Jenny (Anna Friel) leads a lonely life. Waking up alone each day, minimal contact with friends or family. The only pleasure Jenny gains is from the extravagance shoe collection she owns, wearing a different pair daily. Jenny only finds true solace when forming a friendship with Chris (Nonso Anozie), a homeless man who preaches kindness and equality.
The Pavement Psychologists deals with social issues with a deep sense of humanity. It delves into the motivations of Jenny and Chris, where they stand in society and what they offer each other. When Jenny finds out from her Boss Doug (Steve Mackintosh) wants to close down the local shelter Chris occupies, she becomes determined to stop him. The determination and cunning charm Friel gave to Jenny made you root for her as she fought for the greater good in protecting Chris. The sympathetic delivery Anozie gives as we learn of Chris’ downfall into poverty paused for thought the wider social issues dealt with, especially since in an earlier scene the ‘Save the Shelter’ hand-outs he distributes are ignored. It opens you to understand these issues and like Jenny, be drawn towards the greater good.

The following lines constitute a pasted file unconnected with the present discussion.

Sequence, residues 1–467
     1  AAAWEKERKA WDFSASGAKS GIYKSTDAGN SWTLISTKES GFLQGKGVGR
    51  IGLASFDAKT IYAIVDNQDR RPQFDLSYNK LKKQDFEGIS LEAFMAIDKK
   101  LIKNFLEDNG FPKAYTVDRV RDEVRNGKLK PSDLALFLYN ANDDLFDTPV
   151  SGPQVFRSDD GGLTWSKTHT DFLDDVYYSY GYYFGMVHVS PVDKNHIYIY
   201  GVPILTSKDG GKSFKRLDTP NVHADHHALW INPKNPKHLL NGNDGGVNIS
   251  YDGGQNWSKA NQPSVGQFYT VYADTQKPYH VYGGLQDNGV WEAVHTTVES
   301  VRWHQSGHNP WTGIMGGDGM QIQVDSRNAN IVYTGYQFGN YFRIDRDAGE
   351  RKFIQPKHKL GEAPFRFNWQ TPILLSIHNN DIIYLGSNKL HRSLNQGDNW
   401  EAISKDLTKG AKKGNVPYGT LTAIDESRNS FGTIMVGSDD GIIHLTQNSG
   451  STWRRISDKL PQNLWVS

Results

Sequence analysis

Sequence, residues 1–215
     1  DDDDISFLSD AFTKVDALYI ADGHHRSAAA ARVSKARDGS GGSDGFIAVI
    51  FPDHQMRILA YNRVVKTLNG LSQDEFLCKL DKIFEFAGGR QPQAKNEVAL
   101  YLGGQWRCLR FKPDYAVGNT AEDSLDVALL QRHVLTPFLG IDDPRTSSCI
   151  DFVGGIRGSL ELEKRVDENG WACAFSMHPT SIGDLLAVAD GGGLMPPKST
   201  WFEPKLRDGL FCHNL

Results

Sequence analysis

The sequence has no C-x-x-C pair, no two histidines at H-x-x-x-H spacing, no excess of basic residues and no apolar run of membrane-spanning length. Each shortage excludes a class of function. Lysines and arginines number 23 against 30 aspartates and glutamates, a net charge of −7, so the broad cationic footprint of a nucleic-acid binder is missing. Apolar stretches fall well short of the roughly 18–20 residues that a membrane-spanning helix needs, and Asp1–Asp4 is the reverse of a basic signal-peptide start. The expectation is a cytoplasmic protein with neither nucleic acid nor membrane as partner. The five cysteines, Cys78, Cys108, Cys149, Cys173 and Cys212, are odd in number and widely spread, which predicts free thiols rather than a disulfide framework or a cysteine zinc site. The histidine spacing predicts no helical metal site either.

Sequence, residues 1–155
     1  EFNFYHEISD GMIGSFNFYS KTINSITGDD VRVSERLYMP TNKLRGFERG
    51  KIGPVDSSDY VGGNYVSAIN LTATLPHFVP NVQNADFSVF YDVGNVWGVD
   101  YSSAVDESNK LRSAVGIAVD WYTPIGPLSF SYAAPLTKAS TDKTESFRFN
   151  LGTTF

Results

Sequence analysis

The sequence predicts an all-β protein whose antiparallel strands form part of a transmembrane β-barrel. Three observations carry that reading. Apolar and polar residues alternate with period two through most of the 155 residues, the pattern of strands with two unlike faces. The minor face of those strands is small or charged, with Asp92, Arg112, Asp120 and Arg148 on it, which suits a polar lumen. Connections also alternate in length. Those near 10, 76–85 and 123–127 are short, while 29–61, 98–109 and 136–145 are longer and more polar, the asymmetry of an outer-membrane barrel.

Steve Mackintosh made Doug so sleazy that you could only hate him and all he stood for. And Reggie Yeats with a small, light role where he gave comic relief from the deeper aspects at play. The Pavement Psychologists is an uplifting story with a underlying message of hope, if you make it happen.